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The Madras Sarong Skirt finished with handmade tassels from Shwetambari.
Portrait of Shwetambari Mody by Kuber.
The Taj Jumpsuit in silk from Shwetambari.
Portrait of Shwetambari Mody by Kuber.
Fashion

Shwetambari Mody Combines the Vibrancy of New York and the Creativity of India

By Katy Donoghue

December 23, 2021

After years of experience working in fashion in New York, Shwetambari Mody set out to create her own collection that married the energy of New York, where she lived, with the unparalleled craftsmanship and material of India, where she was born.

Named Shwetambari, the collection of cashmere and silk garments is full of color, movement, and texture. Mody transferred her own artworks made from poured resin onto silk, creating dynamic patterns that make up scarves, shawls, capes, kaftans, tops, bottoms, and dresses. The designer works with several collaborators throughout India to add details like hand-embroidery or macramé. Made from the finest cashmere and silk in India, the garments are seasonless and meant to be worn with ease.

Whitewall spoke with Mody about how she sees her designs as a love letter from New York to India.

Open Gallery

The Taj Jumpsuit in silk from Shwetambari.

WHITEWALL: What were the beginnings of your collection?

SHWETAMBARI MODY: It’s taken three years for us to get here, but this was something that I’ve always wanted to do. It’s about celebrating art and artists across the world.

I moved to New York to go to FIT. Fashion has been my first love, and it always will be. I did merchandising and design, and I was fortunate to get a job after that. I moved to Paris to get my MBA in luxury brand management and what I learned there a lot of the brands do actually make in India. That was something I wanted to understand more, and later I decided it would be a good time to experiment working in India. I designed the collection, I learned how to work with the artisans, I decided to start my own brand—an amalgamation of my experience and my art.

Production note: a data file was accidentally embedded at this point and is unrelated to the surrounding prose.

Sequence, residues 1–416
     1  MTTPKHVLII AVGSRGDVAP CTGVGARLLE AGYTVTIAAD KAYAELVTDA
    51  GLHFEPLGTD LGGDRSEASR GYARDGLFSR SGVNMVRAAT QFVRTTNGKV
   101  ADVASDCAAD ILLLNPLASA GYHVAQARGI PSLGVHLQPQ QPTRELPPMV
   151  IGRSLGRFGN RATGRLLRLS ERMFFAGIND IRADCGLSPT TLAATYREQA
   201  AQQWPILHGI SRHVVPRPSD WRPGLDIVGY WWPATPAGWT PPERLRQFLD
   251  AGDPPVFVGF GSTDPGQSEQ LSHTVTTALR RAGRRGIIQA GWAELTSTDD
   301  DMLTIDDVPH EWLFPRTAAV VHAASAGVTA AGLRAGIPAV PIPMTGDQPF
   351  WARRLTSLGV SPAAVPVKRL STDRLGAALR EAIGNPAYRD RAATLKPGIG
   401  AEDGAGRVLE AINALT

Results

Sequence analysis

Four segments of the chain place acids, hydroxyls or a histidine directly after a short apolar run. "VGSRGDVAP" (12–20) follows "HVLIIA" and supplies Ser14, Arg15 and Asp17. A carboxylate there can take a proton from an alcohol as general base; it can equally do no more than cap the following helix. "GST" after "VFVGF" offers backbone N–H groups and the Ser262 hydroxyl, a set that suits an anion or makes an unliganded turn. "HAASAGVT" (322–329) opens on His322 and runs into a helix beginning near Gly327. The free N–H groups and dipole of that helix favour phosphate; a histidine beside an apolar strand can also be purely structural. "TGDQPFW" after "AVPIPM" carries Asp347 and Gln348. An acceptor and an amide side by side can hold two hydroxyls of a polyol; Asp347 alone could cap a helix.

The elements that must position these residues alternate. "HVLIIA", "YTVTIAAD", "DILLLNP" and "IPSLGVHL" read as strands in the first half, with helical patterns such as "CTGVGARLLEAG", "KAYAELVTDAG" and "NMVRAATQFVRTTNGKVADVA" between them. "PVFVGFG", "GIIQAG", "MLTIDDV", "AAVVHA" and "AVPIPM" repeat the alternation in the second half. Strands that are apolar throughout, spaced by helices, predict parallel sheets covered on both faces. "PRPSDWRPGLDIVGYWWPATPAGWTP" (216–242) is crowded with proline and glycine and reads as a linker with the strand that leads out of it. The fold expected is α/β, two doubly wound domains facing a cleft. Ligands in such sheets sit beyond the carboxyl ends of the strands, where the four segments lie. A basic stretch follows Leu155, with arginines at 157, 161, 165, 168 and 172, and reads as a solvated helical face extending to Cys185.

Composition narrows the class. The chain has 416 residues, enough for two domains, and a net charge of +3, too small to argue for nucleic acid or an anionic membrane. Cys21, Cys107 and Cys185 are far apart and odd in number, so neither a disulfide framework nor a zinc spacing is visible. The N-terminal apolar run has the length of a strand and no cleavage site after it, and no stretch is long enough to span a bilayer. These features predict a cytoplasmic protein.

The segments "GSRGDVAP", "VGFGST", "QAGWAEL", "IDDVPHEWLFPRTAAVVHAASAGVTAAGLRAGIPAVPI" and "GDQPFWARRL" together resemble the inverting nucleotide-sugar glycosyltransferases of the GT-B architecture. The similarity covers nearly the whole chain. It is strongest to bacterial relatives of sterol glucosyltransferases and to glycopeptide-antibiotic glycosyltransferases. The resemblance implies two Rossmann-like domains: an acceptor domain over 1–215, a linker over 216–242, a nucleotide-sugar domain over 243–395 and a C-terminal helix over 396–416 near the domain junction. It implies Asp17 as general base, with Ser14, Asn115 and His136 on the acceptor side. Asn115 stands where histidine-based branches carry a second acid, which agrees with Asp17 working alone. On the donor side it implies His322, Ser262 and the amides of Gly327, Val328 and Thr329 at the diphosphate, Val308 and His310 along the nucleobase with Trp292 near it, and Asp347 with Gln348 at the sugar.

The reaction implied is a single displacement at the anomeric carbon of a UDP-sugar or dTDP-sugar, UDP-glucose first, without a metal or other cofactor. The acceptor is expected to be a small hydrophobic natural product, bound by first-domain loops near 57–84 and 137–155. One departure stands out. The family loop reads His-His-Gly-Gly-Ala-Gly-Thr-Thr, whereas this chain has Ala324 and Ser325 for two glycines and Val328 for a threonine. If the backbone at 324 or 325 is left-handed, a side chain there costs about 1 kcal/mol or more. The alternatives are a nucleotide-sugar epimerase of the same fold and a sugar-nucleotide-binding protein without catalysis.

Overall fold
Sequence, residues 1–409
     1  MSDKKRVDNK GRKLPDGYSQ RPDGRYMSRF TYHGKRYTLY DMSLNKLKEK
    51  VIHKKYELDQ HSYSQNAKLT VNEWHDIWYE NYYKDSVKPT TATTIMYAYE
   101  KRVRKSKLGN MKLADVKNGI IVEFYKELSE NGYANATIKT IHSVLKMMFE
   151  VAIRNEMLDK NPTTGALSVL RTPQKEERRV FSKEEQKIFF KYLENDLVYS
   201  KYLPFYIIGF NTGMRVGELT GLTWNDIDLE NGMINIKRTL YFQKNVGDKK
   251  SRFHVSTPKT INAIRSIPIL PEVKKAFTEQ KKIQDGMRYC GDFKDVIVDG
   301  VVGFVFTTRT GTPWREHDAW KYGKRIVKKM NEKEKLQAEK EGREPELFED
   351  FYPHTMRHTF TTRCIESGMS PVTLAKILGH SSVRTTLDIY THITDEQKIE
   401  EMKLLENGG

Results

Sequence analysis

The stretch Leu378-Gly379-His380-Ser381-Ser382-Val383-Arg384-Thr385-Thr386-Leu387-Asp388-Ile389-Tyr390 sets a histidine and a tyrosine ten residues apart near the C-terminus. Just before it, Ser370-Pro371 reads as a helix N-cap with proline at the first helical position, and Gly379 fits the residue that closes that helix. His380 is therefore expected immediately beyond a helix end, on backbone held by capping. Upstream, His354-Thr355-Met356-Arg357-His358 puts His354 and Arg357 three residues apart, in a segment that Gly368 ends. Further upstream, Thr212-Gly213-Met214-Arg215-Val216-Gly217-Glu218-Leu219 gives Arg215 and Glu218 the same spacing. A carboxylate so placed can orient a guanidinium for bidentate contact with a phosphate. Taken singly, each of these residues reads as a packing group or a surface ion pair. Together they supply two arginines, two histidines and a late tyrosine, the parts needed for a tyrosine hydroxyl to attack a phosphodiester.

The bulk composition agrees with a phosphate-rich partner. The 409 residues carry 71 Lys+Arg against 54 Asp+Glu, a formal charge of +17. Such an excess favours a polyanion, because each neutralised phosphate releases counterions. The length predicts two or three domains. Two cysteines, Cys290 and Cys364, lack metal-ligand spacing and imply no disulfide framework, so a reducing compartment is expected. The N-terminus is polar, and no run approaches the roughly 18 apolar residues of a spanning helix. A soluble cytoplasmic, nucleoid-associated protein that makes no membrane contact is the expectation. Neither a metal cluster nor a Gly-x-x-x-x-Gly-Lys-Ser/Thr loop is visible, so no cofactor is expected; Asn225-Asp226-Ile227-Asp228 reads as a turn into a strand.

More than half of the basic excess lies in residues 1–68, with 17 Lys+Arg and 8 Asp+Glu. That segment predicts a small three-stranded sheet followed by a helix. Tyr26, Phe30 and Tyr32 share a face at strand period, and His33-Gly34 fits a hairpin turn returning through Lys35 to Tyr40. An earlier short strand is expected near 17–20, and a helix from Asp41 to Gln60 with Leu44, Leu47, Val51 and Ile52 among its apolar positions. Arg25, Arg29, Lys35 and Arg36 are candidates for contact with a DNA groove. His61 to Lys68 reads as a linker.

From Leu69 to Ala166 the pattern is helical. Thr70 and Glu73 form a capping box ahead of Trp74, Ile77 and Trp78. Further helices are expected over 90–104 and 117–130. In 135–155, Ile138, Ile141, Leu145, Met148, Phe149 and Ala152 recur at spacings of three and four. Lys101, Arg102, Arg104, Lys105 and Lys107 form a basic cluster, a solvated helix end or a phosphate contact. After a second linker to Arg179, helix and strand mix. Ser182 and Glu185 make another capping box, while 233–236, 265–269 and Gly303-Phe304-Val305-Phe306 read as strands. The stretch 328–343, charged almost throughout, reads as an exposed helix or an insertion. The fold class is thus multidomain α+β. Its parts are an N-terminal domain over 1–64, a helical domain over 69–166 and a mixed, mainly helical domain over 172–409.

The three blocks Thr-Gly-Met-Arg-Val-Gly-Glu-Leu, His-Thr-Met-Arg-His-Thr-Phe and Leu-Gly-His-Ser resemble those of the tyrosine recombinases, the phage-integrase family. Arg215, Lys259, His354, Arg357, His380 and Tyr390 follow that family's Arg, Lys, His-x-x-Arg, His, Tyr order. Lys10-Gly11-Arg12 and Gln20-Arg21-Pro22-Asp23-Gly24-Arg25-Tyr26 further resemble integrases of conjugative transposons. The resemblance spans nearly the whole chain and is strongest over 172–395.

Everything stems from my painting. I wanted to combine Indian embroidery with it, but in a very subtle and easy way. It is a New York–based brand and the New York audience wants to wear something easy. It’s been a labor of love.

WW: How did you envision your art being translated into the garment?

SM: It happened so organically. I wondered how it would translate onto fabric. So we tried different kinds of fabric to see what worked. For the paintings, I start off with the canvas, I do poured resin, and then scan it into the computer and work with the embroidery.

Each collection is inspired by a certain region of India. In this journey, I’ve been able to travel around India and understand these different regions. I’m amazed with how fascinating my country is. I wanted to show and highlight that. I tell the artists, “This is what I’m thinking, but I want to see what you bring to the table,” and we see how that works with the collection.

India is known for really beautiful handmade macramé techniques, and I wanted to highlight that. I wanted each garment to have a handmade feel to it, even just a little detail here and there so the wearer feels special and the one who is making it feels special, too.

Open Gallery

Portrait of Shwetambari Mody by Kuber.

WW: The collection features embroidery and macramé, as you mentioned. Are there other handmade techniques you’re exploring?

SM: For next season, I want to dabble into block printing, but not traditional block printing. We can change the narrative if we do it in a contemporary, modern way. It’s about pushing that a little bit.

We’ve worked on this beautiful cashmere, which I’m so proud of. Everybody thinks cashmere comes from Italy, but it comes from India. The Italians have become so good at it we forget the origins. We worked for two years in developing this cashmere, which is so soft and so beautiful. This is something I’m extremely proud of. And we’ve managed to do digital printing on the cashmere, so you’ll see prints on the cashmere.

WW: Do you see the collection as collaborative?

SM: Yes, I would say it’s a collaboration of artists across the board.

Open Gallery

The Madras Sarong Skirt finished with handmade tassels from Shwetambari.
Shwetambari ModyWinter 2022 Experience Issue

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